His client list is packed with accused killers, kidnappers, con artists and thieves, men caught driving around with rocket-propelled grenades and others charged with attacking American soldiers.
His work is going to court and mincing the government’s cases.
Fuaad Ahmed al-Jawary, attorney at law, has become the Johnnie Cochran of the insurgency, and as the resistance continues, his criminal defense practice has soared.
On a recent day, Mr. Jawary, a 40-year-old, 5-foot-7 dynamo with slicked-back hair and bright coffee-bean eyes, rushed into a Baghdad murder trial. He had two clients, a man in a bright orange jumpsuit with new-looking glasses and a 19-year-old woman whose chest heaved under her cloak.
The judge began grilling a witness.
“Where were you on Feb. 14?” — the day of the murder — the judge asked. “Did you see men with guns?”
After two more witnesses testified, Mr. Jawary jumped to his feet.
“Your pardon, sir,” Mr. Jawary said. “These people didn’t see everything. Can I bring more witnesses?”
A prosecutor ruffled a sheaf of papers. A clerk leaned over a giant ledger. The judge cast a long, hard look at Mr. Jawary and rapped his fingers on his desk.
It might be hard to imagine that in a place where bombs keep blowing up and raw sewage splashes in the streets there would be a functioning legal system, complete with subpoenas, autopsies, objections, search warrants, evidence reports and public defenders.
But there is, and American officials are increasingly turning to the Iraqi courts to prosecute suspects still being held in Abu Ghraib and other prisons.
Hundreds of detainees are being shuffled from American custody into one of the three tiers of the Iraqi criminal justice system: a special tribunal for Saddam Hussein and high-ranking Baath Party members; a new national criminal court for terrorism suspects; and local courts for run-of-the-mill crimes. American officials said that right now, of about 2,300 inmates at Abu Ghraib, 580 had been scheduled for prosecution in Iraqi courts.
Each defendant is allowed a defense lawyer, which is where Mr. Jawary energetically steps in.
His ethos: “Every man is born innocent.”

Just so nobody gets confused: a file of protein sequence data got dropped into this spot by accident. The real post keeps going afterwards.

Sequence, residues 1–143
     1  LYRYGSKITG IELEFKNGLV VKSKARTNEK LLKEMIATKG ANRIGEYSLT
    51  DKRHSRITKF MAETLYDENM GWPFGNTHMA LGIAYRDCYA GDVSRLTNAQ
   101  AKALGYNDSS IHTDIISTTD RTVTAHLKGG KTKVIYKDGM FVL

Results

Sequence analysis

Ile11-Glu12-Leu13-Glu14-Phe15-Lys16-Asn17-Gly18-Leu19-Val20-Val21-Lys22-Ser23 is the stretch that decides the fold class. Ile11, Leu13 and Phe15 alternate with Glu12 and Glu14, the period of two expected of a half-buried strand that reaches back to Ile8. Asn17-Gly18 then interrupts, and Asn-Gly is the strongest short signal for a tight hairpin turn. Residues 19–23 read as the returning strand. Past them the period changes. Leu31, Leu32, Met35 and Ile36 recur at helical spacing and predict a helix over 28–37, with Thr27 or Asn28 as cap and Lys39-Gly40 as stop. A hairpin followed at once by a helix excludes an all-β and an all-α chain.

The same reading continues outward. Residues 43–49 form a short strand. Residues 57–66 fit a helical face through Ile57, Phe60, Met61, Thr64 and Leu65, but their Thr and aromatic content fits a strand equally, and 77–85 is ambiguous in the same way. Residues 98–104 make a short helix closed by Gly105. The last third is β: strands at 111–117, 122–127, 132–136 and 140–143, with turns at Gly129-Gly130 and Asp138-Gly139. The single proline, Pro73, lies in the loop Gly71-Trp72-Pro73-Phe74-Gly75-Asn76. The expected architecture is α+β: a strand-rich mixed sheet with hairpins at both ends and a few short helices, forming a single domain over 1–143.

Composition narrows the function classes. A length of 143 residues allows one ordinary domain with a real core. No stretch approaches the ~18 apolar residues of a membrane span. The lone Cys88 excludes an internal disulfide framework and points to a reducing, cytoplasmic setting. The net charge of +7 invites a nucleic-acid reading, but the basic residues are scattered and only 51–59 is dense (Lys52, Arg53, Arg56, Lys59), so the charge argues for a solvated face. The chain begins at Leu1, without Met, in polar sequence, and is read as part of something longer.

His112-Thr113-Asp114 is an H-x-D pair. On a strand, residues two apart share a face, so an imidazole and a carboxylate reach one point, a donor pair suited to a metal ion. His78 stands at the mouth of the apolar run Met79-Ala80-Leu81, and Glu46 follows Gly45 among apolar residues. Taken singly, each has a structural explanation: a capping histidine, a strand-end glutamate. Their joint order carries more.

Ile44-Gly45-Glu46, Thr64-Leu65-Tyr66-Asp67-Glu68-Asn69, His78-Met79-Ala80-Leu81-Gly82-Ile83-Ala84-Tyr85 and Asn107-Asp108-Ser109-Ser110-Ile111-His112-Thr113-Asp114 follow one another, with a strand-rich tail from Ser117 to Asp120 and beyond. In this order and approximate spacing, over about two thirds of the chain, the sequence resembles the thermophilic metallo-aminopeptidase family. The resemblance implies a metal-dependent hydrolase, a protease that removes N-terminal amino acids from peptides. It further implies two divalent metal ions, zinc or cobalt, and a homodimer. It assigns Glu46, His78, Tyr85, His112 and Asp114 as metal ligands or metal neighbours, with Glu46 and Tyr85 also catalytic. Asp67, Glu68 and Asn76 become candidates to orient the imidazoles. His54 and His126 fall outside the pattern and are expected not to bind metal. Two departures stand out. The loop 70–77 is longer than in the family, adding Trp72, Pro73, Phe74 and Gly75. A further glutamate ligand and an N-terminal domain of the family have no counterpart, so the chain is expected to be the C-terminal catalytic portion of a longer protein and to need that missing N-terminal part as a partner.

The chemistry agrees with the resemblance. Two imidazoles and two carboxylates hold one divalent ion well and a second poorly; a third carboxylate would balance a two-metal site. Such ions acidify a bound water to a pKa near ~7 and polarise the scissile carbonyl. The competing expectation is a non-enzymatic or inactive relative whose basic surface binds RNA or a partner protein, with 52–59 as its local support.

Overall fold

Mr. Jawary’s clients used to come straight from Baghdad’s underworld of drug-running gangs and counterfeit rings and thugs who slipped razor blades under their tongues and slashed their way through the city’s slums. A few years back, he said, he represented a woman who had drugged her husband so her lover could crawl through a window and shoot him in the head.
But the American occupation, and the violent resistance to it, changed all that. Mr. Jawary’s bulging caseload now includes people like a student charged with shooting at American soldiers, a man caught driving with rocket-propelled grenades, a sheik’s son accused of stealing a government generator for his father’s ice factory and a merchant charged with bumping off a police captain.
To Mr. Jawary these clients are not necessarily insurgents.
“I try to take cases only where there is some doubt,” he said.
He is rewarded handsomely — $5,000 for murder cases, up front, preferably in crisp greenbacks, and smaller fees for others. Sometimes he is paid in kind, with stereos, air-conditioners, watches, rings, sheep, even once a pair of Volkswagens.
The Iraqi court system is a French-inspired inquisitorial process in which lawyers can raise objections, though they traditionally play a smaller role than those in an American-style trial. In Iraq there are no juries, just a panel of three judges. There is a right to remain silent, but few suspects exercise it.
“Iraqis have such big mouths,” Mr. Jawary said.
Iraq has a strong legal tradition, going back 3,800 years to Hammurabi’s code. Even during the darkest hours of Mr. Hussein’s rule, judges maintained some independence and were enough of a burr in Mr. Hussein’s side that he formed his own special courts to punish political enemies. One result, after Mr. Hussein was toppled and his special courts disbanded, was a legal system that actually worked.
To be sure, it is still pretty low tech. “The rest of the world stopped using this 20 years ago,” said another judge, Zuhair al-Maliky, holding up a piece of well-worn carbon paper.
It was also rife with corruption.
“Bribes, bribes, bribes, it still happens,” Mr. Jawary said. “The only difference today is it’s in dollars, not dinars.”
When asked if he ever slipped anyone a bribe, Mr. Jawary shook his head. “Not bribes.” He smiled. “Gifts.”
After Sadr City, Mr. Jawary rushed over to the Central Criminal Court of Iraq, which American legal advisers helped establish last summer in a former Baghdad museum. Unlike the musky, smoky, rowdy confines of the local courts, the new criminal court hums with the decorum and supreme hush of a library or a mosque.